STP840

    The Use of Remote Sensing in the Determination of Dispersant Effectiveness

    Published: Jan 1984


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    Abstract

    An experimental program to test the effectiveness of dispersants in an open-ocean, cold-water environment was conducted off St. John's, Newfoundland in the fall of 1981. The dispersion of Lago Medio oil by Corexit® 9527 was investigated by using surface and subsurface sampling techniques combined with remote sensing which employed infrared (IR), ultraviolet (UV), and visual sensors to define the surface slick and show the position of the sampling vessels within the slick. Infrared photography was used to estimate the area of the thick slick because IR “coolness” (darker gray level) appears to be indicative of thicker oil. The total extent of the slick was determined from the reflectance in the UV region. Both photographic and line-scanning imagery was used in the UV, and a line scanner in the IR. Measurements were taken from a height of 500 to 800 m every 20 min of both a control slick and a slick to which dispersant had been applied from the air. A comparison of the two slicks shows a difference in the dynamics and gives some indication of the nature of the dispersion process. Problems with sampling and determination of hydrocarbons in the water column prevented the comparison of remote sensing results with those from water column chemistry. As a result of these experiments, it is shown that remote sensing can be used to obtain quantitative data on the spreading characteristics of an oil slick and hence changes in interfacial tension that effect dispersion as well as spreading. This technique has the potential to measure the effectiveness of a dispersant without the need for an extensive water sampling program.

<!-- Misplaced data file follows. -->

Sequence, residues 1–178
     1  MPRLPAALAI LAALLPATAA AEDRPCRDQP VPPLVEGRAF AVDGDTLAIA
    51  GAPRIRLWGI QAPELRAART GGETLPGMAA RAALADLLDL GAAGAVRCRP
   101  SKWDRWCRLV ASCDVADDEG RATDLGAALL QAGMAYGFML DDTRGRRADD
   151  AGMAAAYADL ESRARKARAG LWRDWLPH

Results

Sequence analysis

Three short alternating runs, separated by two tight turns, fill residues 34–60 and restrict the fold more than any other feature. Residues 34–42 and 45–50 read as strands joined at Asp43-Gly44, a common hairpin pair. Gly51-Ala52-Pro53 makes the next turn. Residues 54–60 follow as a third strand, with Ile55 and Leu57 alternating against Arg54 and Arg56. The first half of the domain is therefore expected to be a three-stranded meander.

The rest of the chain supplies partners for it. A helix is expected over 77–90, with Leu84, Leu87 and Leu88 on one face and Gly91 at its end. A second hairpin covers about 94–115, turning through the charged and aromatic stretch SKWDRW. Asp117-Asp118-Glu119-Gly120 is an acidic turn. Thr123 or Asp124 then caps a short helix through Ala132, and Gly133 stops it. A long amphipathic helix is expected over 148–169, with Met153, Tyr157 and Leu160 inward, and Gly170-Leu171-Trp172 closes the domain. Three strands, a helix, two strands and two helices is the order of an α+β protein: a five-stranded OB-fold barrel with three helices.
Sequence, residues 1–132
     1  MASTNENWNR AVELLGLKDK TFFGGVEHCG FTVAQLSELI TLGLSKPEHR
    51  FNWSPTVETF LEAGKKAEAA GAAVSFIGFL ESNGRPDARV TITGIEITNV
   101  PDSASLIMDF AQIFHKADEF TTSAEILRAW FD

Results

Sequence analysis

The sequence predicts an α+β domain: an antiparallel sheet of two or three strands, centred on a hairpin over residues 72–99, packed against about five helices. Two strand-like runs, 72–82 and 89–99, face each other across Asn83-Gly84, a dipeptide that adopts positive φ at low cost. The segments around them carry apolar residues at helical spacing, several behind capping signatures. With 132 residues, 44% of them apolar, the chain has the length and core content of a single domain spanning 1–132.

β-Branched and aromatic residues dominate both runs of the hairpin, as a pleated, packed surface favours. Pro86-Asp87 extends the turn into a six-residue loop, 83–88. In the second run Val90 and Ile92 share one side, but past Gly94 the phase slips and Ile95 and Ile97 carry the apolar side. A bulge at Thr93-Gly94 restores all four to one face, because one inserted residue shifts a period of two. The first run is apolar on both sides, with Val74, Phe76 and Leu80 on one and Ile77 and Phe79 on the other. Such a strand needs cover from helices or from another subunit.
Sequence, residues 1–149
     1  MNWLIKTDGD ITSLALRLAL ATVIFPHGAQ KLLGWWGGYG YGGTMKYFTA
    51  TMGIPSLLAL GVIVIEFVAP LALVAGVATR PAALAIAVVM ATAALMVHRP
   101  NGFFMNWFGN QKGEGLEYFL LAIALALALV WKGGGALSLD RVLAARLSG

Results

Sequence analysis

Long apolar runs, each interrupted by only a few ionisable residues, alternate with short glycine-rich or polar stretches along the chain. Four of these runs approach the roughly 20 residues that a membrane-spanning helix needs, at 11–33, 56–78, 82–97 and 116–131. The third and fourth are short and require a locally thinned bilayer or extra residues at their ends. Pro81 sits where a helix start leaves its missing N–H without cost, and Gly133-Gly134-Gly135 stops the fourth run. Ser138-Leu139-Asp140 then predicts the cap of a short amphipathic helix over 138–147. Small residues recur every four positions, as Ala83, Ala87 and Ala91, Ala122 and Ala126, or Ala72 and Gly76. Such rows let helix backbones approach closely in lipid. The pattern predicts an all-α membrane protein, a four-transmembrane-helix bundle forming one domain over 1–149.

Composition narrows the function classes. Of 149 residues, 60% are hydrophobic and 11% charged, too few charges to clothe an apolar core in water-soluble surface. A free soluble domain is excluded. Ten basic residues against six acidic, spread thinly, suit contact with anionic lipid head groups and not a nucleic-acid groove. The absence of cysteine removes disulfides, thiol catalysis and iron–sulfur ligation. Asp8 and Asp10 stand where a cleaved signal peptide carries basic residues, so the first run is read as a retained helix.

Keywords:

    dispersant, oil spill, remote sensing, dispersion


    Author Information:

    Goodman, RH
    research specialistoceanographer, Esso Resources Canada Ltd., Research Department, Calgary, Alberta

    MacNeill, MR
    research specialistoceanographer, Esso Resources Canada Ltd., Research Department, Calgary, Alberta


    Paper ID: STP30234S

    Committee/Subcommittee: F20.18

    DOI: 10.1520/STP30234S


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